New Rules on When Certain Adjustment of Status Applicants Can Keep Old Priority Date

DHS clarifies that if U.S. Citizenship and Immigration Services (USCIS) revokes a petition for one of several reasons.

On November 18, 2016, the Department of Homeland Security published regulations concerning several employment-based immigration areas. The regulations, with the title, “Retention of EB-1, EB-2, and EB-3 Immigrant Workers and Program Improvements Affecting High-Skilled Nonimmigrant Workers,” will go into effect on January 17, 2017.

Until now, there has been some uncertainty concerning the circumstances under which the beneficiary (worker) of an employment-based immigration petition in the EB-1, EB-2, and EB-3 categories retains the approved petition’s priority date. This is important, because retaining an earlier priority date can mean a difference of several years or more to complete the application process for lawful permanent residence (a green card).

It’s now clear that if U.S. Citizenship and Immigration Services (USCIS) revokes a petition for one of the following reasons, the beneficiary’s priority date is lost:

  • fraud, or a willful misrepresentation of a material fact in the petition filing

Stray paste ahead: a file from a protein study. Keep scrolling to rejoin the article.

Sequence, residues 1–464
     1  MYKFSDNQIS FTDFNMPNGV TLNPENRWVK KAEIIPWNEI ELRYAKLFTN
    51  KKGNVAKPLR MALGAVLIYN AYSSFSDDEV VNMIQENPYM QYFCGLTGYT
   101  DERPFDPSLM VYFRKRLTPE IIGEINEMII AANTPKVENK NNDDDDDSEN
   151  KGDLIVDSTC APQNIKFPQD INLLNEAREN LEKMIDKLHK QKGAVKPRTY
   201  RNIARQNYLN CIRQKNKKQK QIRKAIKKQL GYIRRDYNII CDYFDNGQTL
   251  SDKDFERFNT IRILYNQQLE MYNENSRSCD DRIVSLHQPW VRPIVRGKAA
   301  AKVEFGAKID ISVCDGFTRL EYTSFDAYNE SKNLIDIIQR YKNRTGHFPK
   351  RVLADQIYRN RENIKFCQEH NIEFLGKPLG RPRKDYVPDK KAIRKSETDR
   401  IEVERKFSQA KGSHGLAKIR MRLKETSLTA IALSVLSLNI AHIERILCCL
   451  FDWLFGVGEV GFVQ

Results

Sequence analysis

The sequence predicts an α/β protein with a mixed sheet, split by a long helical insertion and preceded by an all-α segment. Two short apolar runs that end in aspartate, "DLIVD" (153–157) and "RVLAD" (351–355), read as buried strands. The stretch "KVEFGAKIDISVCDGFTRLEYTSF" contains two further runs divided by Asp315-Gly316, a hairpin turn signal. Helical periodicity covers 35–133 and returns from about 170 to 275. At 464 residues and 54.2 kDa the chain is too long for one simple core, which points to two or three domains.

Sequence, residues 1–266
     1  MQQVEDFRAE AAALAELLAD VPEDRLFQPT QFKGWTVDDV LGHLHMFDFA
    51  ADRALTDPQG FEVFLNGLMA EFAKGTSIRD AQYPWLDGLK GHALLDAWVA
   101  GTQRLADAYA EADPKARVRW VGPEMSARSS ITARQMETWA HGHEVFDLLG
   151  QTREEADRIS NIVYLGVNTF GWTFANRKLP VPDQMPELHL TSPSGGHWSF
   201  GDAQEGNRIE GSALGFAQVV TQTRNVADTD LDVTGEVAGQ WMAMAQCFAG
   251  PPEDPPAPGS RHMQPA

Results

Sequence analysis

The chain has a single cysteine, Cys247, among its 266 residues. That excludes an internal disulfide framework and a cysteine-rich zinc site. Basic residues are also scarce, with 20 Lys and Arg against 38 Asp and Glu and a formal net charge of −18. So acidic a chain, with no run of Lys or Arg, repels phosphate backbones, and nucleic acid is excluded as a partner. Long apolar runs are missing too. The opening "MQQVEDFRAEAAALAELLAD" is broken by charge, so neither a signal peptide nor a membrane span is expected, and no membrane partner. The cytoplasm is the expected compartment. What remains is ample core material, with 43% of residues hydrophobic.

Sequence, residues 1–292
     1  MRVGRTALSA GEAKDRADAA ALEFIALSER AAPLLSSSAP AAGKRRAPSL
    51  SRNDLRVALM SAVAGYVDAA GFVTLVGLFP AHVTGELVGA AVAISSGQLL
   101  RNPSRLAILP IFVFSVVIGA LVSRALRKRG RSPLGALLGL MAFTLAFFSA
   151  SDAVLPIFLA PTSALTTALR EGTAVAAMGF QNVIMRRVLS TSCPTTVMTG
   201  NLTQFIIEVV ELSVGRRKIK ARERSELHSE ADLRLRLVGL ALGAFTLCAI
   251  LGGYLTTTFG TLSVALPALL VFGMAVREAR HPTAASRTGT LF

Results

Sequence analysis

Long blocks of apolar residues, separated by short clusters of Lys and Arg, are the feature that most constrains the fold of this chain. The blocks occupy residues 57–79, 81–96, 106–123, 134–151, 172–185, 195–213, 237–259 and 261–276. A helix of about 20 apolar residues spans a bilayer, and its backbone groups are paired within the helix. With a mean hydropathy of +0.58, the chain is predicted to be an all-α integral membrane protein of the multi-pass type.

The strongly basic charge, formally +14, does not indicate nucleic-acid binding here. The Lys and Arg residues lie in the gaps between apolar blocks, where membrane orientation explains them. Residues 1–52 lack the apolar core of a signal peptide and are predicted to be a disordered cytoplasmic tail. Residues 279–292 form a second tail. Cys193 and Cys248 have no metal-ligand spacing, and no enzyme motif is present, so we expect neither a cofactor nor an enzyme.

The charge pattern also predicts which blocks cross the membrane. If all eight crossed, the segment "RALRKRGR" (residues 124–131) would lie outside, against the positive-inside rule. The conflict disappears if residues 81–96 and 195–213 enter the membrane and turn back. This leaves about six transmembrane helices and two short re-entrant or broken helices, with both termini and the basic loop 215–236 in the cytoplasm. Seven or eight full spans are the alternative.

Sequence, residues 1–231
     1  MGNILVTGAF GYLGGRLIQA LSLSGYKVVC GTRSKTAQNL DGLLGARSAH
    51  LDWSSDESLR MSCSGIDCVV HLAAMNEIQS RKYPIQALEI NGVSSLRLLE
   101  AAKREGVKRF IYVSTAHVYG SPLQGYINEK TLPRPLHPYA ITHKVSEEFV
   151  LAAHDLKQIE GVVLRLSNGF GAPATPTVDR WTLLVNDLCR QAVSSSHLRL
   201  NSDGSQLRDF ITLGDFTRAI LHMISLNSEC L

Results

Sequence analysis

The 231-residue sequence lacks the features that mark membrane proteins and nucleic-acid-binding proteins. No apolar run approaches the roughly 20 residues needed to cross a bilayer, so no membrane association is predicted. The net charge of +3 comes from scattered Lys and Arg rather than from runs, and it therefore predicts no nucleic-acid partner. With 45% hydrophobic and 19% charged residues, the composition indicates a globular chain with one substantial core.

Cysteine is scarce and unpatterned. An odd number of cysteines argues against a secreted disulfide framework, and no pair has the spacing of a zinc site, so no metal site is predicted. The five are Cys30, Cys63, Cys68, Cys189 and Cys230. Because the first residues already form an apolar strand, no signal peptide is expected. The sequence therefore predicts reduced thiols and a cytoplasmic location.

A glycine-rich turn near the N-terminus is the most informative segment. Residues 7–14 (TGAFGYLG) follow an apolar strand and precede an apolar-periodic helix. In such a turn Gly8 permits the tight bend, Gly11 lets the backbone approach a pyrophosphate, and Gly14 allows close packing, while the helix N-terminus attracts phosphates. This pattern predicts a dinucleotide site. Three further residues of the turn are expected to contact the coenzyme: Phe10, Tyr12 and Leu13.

• revocation of the underlying labor certification application by the Department of Labor
  • invalidation of the underlying labor certification application by USCIS or the U.S. State Department, or
  • a determination by USCIS that it committed a “material error” in approving the petition.

The regulation further confirms that a denied petition does not establish a priority date and that a priority date cannot be transferred from one person to another.

Finally, the two circumstances that would prevent a priority date from remaining valid indefinitely are when the State Department causes revocation of the petition for the beneficiary’s failure to pursue lawful permanent resident status within certain timeframes, or when USCIS revokes the petition on its own for “good and sufficient cause.”